Absence of conflict of interest.
The study's objective was to examine the impact of Prudence Kay Poppink (PKP) Act on employment outcomes.
The study was a nonexperimental design using data that was reported in the Current Population Survey for individuals with disabilities The author used statistical models to estimate employment outcomes of the PKP Act by comparing Californians with disabilities to Californians without disabilities and individuals in other states without disabilities.
The study found that the PKP Act was associated with a significant increase in employment for individuals with disabilities in California.
This study receives a low evidence rating. This means we are not confident that the estimated effects are attributable to Prudence Kay Poppink Act; other factors are likely to have contributed.
Prudence Kay Poppink Act
Features of the Intervention
The Prudence Kay Poppink (PKP) Act became effective in California on January 1, 2001. This law expanded the eligibility criteria on those who were considered disabled and their accommodations for employment. The PKP Act expanded the definition of disability compared to the Sutton Trilogy U.S. Supreme Court cases that excluded certain individuals from getting accommodations. PKP broadened the disability criteria by including HIV/AIDS, hepatitis, epilepsy, seizure disorder, diabetes, clinical depression, bipolar disorder, multiple sclerosis, and heart disease, and made it a punishable offense if an employer failed to provide accommodations to a job applicant. The policy serves employees in the state of California with disabilities.
Features of the Study
The study used a nonexperimental design to examine differences in employment outcomes after the passage of the PKP Act. The author used data from the Current Population Survey Annual Social and Economic Supplement from 1994 to 2007 for participants aged 25 to 61. The sample included 6,616 individuals with disabilities and 78,883 individuals without disabilities per year reported in the Current Population Survey. The author used a triple difference statistical model to estimate the impact of the PKP Act on employment outcomes by comparing Californians with disabilities to Californians without disabilities and individuals in other states without disabilities. The author used two time periods for the analysis: 1994 to 2000 (before the implementation of the PKP Act) and 2001 to 2007 (after the implementation of the PKP Act).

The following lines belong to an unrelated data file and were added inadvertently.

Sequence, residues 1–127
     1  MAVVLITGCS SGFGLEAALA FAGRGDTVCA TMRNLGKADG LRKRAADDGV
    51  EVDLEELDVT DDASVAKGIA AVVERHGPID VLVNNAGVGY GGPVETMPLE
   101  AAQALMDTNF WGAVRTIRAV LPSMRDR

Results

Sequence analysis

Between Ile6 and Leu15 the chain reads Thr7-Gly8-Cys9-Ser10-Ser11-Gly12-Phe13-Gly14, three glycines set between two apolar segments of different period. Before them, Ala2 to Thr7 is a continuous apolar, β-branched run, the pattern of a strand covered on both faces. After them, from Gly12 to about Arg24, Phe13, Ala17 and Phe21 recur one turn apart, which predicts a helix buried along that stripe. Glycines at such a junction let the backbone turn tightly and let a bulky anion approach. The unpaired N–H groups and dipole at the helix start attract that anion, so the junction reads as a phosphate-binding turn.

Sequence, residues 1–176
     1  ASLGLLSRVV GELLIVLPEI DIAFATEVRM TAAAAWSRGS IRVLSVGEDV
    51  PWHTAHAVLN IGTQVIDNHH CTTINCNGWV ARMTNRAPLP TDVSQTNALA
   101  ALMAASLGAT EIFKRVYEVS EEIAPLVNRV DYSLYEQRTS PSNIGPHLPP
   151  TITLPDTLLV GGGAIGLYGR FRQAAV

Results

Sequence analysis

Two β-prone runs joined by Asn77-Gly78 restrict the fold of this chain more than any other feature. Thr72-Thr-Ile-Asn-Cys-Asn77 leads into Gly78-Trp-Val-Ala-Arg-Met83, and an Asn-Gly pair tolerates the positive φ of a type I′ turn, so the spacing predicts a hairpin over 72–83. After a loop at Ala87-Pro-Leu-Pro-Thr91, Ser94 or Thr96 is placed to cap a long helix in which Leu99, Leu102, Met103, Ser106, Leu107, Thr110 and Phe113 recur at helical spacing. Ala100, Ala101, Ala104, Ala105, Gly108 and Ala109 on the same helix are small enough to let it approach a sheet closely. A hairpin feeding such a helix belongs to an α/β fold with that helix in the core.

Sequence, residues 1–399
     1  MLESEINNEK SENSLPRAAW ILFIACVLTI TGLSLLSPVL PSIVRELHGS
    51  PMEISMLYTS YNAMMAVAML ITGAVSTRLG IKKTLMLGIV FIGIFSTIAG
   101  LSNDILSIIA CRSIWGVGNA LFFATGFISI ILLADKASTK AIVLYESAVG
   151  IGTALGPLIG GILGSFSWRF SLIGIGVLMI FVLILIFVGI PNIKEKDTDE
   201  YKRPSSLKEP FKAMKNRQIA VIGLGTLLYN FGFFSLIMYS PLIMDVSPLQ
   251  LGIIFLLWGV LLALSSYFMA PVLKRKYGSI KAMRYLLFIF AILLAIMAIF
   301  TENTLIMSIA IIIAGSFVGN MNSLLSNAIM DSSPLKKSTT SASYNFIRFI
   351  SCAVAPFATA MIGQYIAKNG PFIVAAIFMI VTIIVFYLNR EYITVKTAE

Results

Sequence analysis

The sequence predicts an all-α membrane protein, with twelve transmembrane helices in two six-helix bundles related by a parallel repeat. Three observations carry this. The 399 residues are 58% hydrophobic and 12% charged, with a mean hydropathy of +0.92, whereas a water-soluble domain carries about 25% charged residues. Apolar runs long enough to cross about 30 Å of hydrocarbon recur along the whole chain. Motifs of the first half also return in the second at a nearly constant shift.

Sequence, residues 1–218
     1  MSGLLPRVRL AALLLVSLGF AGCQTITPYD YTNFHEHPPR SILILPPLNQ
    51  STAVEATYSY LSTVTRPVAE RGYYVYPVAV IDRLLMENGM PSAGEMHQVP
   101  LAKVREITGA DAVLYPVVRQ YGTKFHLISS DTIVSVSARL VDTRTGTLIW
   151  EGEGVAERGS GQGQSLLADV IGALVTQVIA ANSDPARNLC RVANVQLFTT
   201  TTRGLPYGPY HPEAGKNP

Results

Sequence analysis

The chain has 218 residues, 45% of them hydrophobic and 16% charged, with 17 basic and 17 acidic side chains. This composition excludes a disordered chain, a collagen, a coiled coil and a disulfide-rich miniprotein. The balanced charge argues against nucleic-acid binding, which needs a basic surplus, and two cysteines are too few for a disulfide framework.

The study found that Californians with disabilities had significantly higher rates of employment than the comparison participants, with employment increasing by 3.8 percentage points after the PKP Act was passed.
The study found that Californians with disabilities had significantly lower rates of unemployment than the comparison participants, with unemployment rates decreasing by 1.4 percentage points after the PKP Act was passed.
The study found that individuals with disabilities in California had significantly higher rates of labor force participation than the comparison participants, with Californians with disabilities being 2.4 percentage points more likely to be employed after the PKP Act was passed.
Considerations for Interpreting the Findings
Because the analysis considered a policy operating in only one state, it is impossible to disentangle the effect of the PKP Act from the effect of the state itself; this is known as a confounding factor. For instance, there could have been other changes occurring at the state level at the same time that could also have affected the outcomes of interest. We cannot attribute the estimated effects with confidence to the PKP Act, and not to other factors. Therefore, the study is not eligible for a moderate causal evidence rating, the highest rating available for nonexperimental designs.
Causal Evidence Rating
The quality of causal evidence presented in this report is low because the program was implemented in only one state presenting a confounding factor. This means we are not confident that the estimated effects are attributable to Prudence Kay Poppink Act; other factors are likely to have contributed.